Jim Loewen: The biggest lie we still teach in American history classes

Historians in the News
tags: education, Jim Loewen, Lies My Teacher Told Me

One of my favorite writers, Gore Vidal, once described his country asthe United States of Amnesia. “We learn nothing because we remember nothing,” he wrote.

Vidal’s point is simple enough: America’s concept of itself is shaped by mythology, not by facts. And it’s harder to address mistakes if you’re unwilling to face them honestly. 

In 1995, James Loewen set out to resolve this problem. He published a landmark book, Lies My Teacher Told Me, that went on to sell more than 2 million copies. Loewen taught race relations for two decades at the University of Vermont, and spent two years at the Smithsonian Institution, where he surveyed past American history textbooks. 

The result of his research was a massive tome that pointed out all the distortions and falsehoods taught in US history classes. 

Like Howard Zinnfamously did before him, Loewen shattered myths around Christopher Columbus, the first Thanksgiving, the Civil War, Helen Keller, Abraham Lincoln, American labor history, and the roots of racial inequalities. The problem, Loewen argued, was our impulse to turn historical events and figures into “moral examples,” which usually involved whitewashing the past in order to reinforce a familiar story about American greatness.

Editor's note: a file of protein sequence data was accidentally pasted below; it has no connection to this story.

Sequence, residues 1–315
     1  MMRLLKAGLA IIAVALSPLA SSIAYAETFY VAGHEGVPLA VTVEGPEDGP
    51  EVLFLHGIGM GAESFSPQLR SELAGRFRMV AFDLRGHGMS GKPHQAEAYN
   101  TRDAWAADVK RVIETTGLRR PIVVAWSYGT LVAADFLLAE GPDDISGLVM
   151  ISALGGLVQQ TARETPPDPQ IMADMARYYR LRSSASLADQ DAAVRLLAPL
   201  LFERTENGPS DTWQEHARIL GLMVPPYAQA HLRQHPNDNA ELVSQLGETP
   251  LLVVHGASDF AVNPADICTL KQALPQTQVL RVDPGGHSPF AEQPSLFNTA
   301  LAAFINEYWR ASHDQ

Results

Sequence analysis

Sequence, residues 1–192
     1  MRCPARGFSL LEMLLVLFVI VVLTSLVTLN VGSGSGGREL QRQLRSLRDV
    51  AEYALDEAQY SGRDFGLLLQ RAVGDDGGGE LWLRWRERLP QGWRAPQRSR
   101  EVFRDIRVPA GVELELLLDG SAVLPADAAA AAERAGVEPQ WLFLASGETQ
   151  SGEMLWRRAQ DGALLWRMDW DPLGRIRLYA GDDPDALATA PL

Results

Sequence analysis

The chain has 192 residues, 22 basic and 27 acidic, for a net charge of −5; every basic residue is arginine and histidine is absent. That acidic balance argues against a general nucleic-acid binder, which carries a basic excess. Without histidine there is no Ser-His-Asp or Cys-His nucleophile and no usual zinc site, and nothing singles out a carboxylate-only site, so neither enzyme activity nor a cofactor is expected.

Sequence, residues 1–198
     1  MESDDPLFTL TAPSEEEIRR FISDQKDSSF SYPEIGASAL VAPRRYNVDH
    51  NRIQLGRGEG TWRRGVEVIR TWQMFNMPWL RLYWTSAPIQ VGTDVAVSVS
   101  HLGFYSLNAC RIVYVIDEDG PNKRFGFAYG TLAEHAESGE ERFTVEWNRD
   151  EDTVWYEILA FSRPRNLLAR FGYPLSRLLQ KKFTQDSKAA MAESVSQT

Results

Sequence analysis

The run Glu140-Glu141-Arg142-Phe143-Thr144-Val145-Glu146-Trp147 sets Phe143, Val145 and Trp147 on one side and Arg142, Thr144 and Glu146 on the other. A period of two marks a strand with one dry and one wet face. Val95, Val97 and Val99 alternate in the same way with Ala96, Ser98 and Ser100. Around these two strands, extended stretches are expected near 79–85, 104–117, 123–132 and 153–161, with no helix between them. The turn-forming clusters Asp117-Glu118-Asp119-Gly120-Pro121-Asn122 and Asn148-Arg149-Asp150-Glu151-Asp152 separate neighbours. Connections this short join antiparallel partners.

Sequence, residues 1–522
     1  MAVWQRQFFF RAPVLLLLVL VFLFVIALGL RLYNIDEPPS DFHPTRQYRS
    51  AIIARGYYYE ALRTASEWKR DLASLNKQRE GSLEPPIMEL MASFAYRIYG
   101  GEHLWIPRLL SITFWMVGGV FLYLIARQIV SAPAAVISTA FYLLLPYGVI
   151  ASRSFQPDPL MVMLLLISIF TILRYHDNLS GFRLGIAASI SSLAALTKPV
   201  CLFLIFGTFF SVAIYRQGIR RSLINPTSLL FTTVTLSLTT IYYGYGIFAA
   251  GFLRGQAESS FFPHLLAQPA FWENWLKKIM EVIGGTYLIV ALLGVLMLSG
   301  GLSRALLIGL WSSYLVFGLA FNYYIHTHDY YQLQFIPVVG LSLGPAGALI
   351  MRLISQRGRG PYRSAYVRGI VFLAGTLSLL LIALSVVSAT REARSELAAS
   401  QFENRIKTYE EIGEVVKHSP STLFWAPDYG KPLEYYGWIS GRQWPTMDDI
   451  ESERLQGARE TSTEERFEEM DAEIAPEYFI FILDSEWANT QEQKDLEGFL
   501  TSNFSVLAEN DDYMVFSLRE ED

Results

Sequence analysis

Lies My Teacher Told Me was republished this month, so I reached out to Loewen to talk about what has changed, what lies we still tell ourselves, and how he thinks about historical truth in the age of “alternative facts.”

A lightly edited transcript of our conversation follows.

Sean Illing

According to your book, the biggest lie we are taught in US history class is that the country started out great and we’ve just been getting better ever since. 

But on a long enough timeline, isn’t this partially true? 

James Loewen

It’s true enough. My problem is the implication that progress is automatic, which it most certainly isn’t. Second, the idea that we’re always getting better keeps us from seeing those times when we’re getting worse. 

Consider the period of 1890-1940, when race relations got systematically worse every year. America actually got more racist in its ideology than at any other time in history. After slavery, white people convinced themselves that there were equal opportunities, which was a lie. They told themselves that black people were criminals and incompetent and unable to succeed. 

The point isn’t that life was better for people under slavery; it’s that the story of moral and political progress isn’t so clear. And when we pretend that it is neat and clear, we cause teachers to teach and students to think that progress happens automatically, and that destroys the impulse to change things — to become an activist. ...

Read entire article at Vox

comments powered by Disqus